Before the gods that made the gods
Had seen their sunrise pass,
The White Horse of the White Horse Vale
Was cut out of the grass.
So opens G.K. Chesterton’s poetic masterpiece, The Ballad of the White Horse, the tale of King Alfred and his war against the invading Norsemen. The ballad is a glorious celebration of hope in the face of despair and of the gallant defense of civilization against the seemingly invincible powers of barbarism. During the First World War, British soldiers in the trenches would shout long passages from it to encourage one another. So, you can see why it’s come to mind today.
The poem is, of course, much too long to quote in full, but I would like to present one of my favorite passages. In it, King Alfred, disguised as a wandering minstrel, has entered the camp of the Danes and has listened to them share their gloomy philosophies around the fire. In a fit of passion, he rises to answer them: an answer that all Christians may use to answer all barbarians:
“When God put man in a garden
He girt him with a sword,
And sent him forth a free knight
That might betray his lord;
“He brake Him and betrayed Him,
And fast and far he fell,
Till you and I may stretch our necks
And burn our beards in hell.
“But though I lie on the floor of the world,
With the seven sins for rods,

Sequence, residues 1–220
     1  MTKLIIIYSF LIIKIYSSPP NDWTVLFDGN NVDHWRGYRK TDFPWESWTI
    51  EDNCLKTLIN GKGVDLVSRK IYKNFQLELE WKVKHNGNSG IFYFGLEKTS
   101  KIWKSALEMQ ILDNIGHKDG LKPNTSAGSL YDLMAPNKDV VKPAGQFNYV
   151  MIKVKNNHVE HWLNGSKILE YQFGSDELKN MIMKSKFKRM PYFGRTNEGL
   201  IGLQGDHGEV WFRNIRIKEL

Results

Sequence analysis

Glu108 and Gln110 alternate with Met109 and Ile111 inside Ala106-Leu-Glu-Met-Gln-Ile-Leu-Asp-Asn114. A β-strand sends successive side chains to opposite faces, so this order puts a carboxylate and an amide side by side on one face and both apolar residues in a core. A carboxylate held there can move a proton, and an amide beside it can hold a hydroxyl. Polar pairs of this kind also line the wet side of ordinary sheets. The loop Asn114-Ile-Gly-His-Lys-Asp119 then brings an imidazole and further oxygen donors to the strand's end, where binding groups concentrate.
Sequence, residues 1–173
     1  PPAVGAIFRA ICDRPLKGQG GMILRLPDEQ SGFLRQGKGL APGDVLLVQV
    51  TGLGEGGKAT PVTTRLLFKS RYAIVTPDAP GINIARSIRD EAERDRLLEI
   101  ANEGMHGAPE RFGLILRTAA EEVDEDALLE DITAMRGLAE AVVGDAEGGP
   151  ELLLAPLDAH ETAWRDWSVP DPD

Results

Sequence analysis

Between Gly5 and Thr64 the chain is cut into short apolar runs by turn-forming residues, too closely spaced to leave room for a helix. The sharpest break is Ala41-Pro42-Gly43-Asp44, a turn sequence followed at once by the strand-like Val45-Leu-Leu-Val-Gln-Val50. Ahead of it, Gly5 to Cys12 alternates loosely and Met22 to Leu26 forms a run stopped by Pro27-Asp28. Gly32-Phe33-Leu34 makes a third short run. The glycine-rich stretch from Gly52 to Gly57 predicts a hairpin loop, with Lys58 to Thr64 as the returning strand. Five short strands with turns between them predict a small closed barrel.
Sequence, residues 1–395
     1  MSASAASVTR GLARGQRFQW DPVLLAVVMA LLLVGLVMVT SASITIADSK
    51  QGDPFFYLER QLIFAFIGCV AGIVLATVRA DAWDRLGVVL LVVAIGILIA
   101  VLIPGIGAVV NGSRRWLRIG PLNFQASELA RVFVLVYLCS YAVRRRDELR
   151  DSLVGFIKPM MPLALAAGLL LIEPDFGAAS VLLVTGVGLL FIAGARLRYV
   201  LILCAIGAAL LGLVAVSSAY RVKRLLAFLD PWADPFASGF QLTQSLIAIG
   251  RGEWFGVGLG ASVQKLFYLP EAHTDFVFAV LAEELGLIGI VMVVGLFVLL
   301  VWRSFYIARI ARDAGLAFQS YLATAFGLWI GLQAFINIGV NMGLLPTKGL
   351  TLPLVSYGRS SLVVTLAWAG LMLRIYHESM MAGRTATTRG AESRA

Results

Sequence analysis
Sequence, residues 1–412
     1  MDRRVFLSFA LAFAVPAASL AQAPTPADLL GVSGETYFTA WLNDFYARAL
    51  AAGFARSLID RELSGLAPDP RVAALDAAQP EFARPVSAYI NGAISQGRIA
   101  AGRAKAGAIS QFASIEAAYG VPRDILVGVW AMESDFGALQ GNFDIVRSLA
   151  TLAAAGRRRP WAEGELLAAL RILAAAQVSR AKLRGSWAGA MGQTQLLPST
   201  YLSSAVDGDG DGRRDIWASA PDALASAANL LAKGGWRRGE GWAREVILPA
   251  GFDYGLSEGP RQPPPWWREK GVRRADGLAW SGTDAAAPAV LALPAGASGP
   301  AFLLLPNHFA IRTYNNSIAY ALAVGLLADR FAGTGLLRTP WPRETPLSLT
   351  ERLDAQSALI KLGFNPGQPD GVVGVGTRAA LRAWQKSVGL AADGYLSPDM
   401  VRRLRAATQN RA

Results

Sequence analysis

I would rather fall with Adam
Than rise with all your gods.
“What have the strong gods given?
Where have the glad gods led?
When Guthrum sits on a hero’s throne
And asks if he is dead?
“Sirs, I am but a nameless man,
A rhymester without home,
Yet since I come of the Wessex clay
And carry the cross of Rome,
“I will even answer the mighty earl
That asked of Wessex men
Why they be meek and monkish folk,
And bow to the White Lord’s broken yoke;
What sign have we save blood and smoke?
Here is my answer then.
“That on you is fallen the shadow,
And not upon the Name;
That though we scatter and though we fly,
And you hang over us like the sky,
You are more tired of victory,
Than we are tired of shame.
“That though you hunt the Christian man
Like a hare on the hill-side,
The hare has still more heart to run
Than you have heart to ride.
“That though all lances split on you,
All swords be heaved in vain,
We have more lust again to lose
Than you to win again.
“Your lord sits high in the saddle,
A broken-hearted king,
But our king Alfred, lost from fame,
Fallen among foes or bonds of shame,
In I know not what mean trade or name,
Has still some song to sing;
“Our monks go robed in rain and snow,
But the heart of flame therein,
But you go clothed in feasts and flames,
When all is ice within;
“Nor shall all iron dooms make dumb
Men wondering ceaselessly,
If it be not better to fast for joy
Than feast for misery.
“Nor monkish order only
Slides down, as field to fen,
All things achieved and chosen pass,
As the White Horse fades in the grass,
No work of Christian men.
“Ere the sad gods that made your gods
Saw their sad sunrise pass,
The White Horse of the White Horse Vale,
That you have left to darken and fail,
Was cut out of the grass.
“Therefore your end is on you,
Is on you and your kings,
Not for a fire in Ely fen,
Not that your gods are nine or ten,
But because it is only Christian men
Guard even heathen things.
“For our God hath blessed creation,
Calling it good. I know
What spirit with whom you blindly band
Hath blessed destruction with his hand;
Yet by God’s death the stars shall stand
And the small apples grow.”